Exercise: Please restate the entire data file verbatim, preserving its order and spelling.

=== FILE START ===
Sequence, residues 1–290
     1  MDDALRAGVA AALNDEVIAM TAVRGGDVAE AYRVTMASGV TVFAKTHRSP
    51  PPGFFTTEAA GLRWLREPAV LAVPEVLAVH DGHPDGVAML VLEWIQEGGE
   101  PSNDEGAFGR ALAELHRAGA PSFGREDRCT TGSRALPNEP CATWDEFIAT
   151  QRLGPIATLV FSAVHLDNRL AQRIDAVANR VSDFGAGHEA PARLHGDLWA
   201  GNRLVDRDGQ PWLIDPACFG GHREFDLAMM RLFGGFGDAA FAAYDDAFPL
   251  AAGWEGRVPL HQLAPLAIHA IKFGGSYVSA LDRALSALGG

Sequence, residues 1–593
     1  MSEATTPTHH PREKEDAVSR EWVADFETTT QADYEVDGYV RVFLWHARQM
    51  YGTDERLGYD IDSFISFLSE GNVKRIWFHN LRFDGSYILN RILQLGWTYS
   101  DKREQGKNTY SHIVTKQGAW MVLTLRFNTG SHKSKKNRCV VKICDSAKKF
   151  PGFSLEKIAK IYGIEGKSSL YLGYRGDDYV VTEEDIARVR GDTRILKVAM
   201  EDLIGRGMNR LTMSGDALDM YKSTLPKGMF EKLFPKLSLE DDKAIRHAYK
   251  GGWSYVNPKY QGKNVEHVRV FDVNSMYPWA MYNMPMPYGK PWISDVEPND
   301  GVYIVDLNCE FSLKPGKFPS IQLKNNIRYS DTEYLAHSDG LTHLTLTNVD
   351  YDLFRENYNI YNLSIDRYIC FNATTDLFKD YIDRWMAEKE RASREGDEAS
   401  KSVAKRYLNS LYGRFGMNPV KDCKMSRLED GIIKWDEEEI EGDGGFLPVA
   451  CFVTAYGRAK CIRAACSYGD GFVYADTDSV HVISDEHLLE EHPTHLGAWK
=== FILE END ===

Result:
Sequence, residues 1–290
     1  MDDALRAGVA AALNDEVIAM TAVRGGDVAE AYRVTMASGV TVFAKTHRSP
    51  PPGFFTTEAA GLRWLREPAV LAVPEVLAVH DGHPDGVAML VLEWIQEGGE
   101  PSNDEGAFGR ALAELHRAGA PSFGREDRCT TGSRALPNEP CATWDEFIAT
   151  QRLGPIATLV FSAVHLDNRL AQRIDAVANR VSDFGAGHEA PARLHGDLWA
   201  GNRLVDRDGQ PWLIDPACFG GHREFDLAMM RLFGGFGDAA FAAYDDAFPL
   251  AAGWEGRVPL HQLAPLAIHA IKFGGSYVSA LDRALSALGG

Sequence, residues 1–593
     1  MSEATTPTHH PREKEDAVSR EWVADFETTT QADYEVDGYV RVFLWHARQM
    51  YGTDERLGYD IDSFISFLSE GNVKRIWFHN LRFDGSYILN RILQLGWTYS
   101  DKREQGKNTY SHIVTKQGAW MVLTLRFNTG SHKSKKNRCV VKICDSAKKF
   151  PGFSLEKIAK IYGIEGKSSL YLGYRGDDYV VTEEDIARVR GDTRILKVAM
   201  EDLIGRGMNR LTMSGDALDM YKSTLPKGMF EKLFPKLSLE DDKAIRHAYK
   251  GGWSYVNPKY QGKNVEHVRV FDVNSMYPWA MYNMPMPYGK PWISDVEPND
   301  GVYIVDLNCE FSLKPGKFPS IQLKNNIRYS DTEYLAHSDG LTHLTLTNVD
   351  YDLFRENYNI YNLSIDRYIC FNATTDLFKD YIDRWMAEKE RASREGDEAS
   401  KSVAKRYLNS LYGRFGMNPV KDCKMSRLED GIIKWDEEEI EGDGGFLPVA
   451  CFVTAYGRAK CIRAACSYGD GFVYADTDSV HVISDEHLLE EHPTHLGAWK